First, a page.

WORDS FROM W.W. May 18, 2015
Our church strives to do things the best we can in worship of our Lord, but I could write a book on the number of times when we have fallen short of excellence. Here’s a few examples:
-We are a Baptist church that has had a baptistry that kept leaking…bad! One baptism Sunday there was hardly enough water in it to qualify the person to be a Methodist, let alone a Baptist. One memorable Christmas Eve we baptized people in the inflatable pool of my grandkids that was shaped to look like a whale…including the tail! Joe, one of the people being baptized, and I still joke about him getting baptized in the belly of a whale.
-One Easter Sunday we had the wrong video shown. Instead of a nice beautiful melody that made the resurrection sound celebrate (which it is!) we had a video of heavy metal music that I’m pretty sure mentioned Satan and demon worship a few times. Awkward!
-A couple of people have done special music who missed more notes than hit them.
-People still remember my “oops” slip in a sermon when I referenced giving out “Lady Godiva” chocolates. Red face!
-I’ve led the reciting of The Lord’s Prayer a couple of times and I gone blank on the words. When the pastor stops midway through the prayer the silence becomes like a wave moving though the congregation.
In many ways we are a Lake Wobegon congregation!
We strive for our best, but often miss excellence.
And yet, I’m okay with that. People put their hearts and souls into using the gifts God has given them, and if that falls short of a concert hall experience…that’s okay.
Our culture…and especially church culture…worships excellence. It worships the seamless flow of worship where “dead time” is almost non-existent, and people can marvel at the precision, the timing, the carefully manuscripted event.
There is a difference between a worship experience and the worship of excellence. The first is about an encounter with God that stirs the soul. The second is a production that is a delight to the senses. One is spirit-moving and the other is foot-stomping. One gives us the feeling that God is seeing the condition of our heart and the other is a taste treat for our eyes.
The worship of excellence is like a glass of evening wine that is satisfying for a few moments with our feet propped up as we sit in the recliner. A worship experience is “new wine” that quenches the thirst of my soul.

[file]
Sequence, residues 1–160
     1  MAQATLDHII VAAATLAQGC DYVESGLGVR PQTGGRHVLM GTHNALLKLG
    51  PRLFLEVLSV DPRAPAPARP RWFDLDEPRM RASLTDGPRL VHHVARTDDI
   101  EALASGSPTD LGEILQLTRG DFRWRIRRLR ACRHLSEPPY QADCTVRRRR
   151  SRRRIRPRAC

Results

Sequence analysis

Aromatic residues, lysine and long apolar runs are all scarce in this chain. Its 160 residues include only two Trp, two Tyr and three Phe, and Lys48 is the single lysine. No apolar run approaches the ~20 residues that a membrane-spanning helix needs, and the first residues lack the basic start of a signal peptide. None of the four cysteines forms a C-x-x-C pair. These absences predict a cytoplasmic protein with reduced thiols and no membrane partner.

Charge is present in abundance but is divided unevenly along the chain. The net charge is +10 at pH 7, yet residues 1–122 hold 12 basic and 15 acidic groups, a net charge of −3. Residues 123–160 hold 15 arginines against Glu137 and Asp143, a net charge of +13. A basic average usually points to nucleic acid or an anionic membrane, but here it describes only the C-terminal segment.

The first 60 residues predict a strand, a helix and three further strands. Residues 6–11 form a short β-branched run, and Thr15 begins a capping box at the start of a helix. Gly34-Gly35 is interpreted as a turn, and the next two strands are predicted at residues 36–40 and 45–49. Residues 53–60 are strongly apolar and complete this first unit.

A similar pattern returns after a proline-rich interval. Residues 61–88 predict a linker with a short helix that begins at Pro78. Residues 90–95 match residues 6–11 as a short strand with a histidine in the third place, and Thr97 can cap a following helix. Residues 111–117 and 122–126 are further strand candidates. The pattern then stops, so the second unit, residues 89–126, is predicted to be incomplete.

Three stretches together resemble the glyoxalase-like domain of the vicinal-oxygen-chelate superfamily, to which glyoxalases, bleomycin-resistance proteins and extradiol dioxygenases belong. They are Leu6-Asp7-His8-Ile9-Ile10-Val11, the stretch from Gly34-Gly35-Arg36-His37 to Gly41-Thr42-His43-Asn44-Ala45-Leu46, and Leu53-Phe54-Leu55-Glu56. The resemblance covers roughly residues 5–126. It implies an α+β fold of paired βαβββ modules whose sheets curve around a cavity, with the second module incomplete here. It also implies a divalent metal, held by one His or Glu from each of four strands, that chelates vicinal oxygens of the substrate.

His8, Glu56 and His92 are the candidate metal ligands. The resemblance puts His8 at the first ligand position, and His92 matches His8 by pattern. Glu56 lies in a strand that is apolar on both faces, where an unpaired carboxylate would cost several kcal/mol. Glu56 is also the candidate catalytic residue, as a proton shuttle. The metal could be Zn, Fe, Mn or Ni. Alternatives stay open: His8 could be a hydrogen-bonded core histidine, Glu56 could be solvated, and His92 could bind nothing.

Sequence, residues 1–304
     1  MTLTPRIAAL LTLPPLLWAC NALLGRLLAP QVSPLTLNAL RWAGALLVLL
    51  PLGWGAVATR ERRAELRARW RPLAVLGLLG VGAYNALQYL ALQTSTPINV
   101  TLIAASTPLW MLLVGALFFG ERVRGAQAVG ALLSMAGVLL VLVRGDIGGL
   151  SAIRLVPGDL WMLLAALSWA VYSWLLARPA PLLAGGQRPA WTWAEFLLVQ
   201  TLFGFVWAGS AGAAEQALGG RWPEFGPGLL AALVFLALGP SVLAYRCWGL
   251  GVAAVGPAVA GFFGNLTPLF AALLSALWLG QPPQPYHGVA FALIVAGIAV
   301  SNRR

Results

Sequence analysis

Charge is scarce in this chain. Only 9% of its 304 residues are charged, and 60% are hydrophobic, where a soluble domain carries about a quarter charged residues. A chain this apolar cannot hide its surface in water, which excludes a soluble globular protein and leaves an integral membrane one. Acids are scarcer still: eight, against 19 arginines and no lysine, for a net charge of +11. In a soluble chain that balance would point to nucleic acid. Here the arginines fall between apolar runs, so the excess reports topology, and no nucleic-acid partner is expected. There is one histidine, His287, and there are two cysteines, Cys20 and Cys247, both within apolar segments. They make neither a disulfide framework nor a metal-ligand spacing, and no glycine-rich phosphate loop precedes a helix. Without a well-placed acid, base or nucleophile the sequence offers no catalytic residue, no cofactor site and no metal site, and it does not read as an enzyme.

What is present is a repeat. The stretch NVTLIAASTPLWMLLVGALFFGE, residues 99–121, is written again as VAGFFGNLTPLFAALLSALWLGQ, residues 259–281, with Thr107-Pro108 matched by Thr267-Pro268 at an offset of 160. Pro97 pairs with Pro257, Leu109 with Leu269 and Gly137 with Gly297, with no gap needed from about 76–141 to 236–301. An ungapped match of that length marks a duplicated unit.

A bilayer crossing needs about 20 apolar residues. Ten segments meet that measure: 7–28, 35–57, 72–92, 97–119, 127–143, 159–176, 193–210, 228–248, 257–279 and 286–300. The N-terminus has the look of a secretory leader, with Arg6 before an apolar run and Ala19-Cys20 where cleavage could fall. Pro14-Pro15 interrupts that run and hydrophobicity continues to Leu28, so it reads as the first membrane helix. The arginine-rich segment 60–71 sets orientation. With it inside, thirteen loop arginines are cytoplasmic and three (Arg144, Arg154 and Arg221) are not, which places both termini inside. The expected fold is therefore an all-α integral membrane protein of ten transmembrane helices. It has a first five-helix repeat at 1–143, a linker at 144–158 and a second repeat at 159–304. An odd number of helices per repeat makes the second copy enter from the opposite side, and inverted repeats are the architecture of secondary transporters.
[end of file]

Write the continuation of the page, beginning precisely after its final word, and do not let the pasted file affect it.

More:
We worship excellence. The difficulty is that the worship of excellence is prone to have grace evicted. Sometimes church culture is a mirror image of a professional football stadium crowd who break out into the booing of their team that is falling short of excellence in a contest. Very rarely is anyone on the field giving less than their best effort, but pro football fans have a tendency to check their forgiveness at the door…or after the third beer!
Worshiping excellence leads us to critical spirits where less than perfection is not tolerated. The worship of excellence does not allow students and interns who are still trying to figure out and be perfect. Worshipping excellence is about keeping score like Olympic gymnastics judges.
Worshipping excellence becomes deaf to prophetic voices. The words of Jeremiah, Isaiah, and Ezekiel would not gain a hearing in a gathering of excellence worshippers.
There are those who have been gifted by God in the leading of people into a worship experience that will be remembered as being excellent…and we thank God for those he has so incredibly gifted. A gifted worship leader will always lead people to God, not to an experience.
In my office are several “drawings” from my grandkids. They will never be in an art studio, pinned to a wall with quality lighting on them to bring out the vibrancy of the colors, but they are works of art that bring delight to a grandfather’s heart…more meaning to me than a Rembrandt, and even more understandable than a Picasso.
Sometimes we encounter a display of love, such as that, and we respond “Excellent!”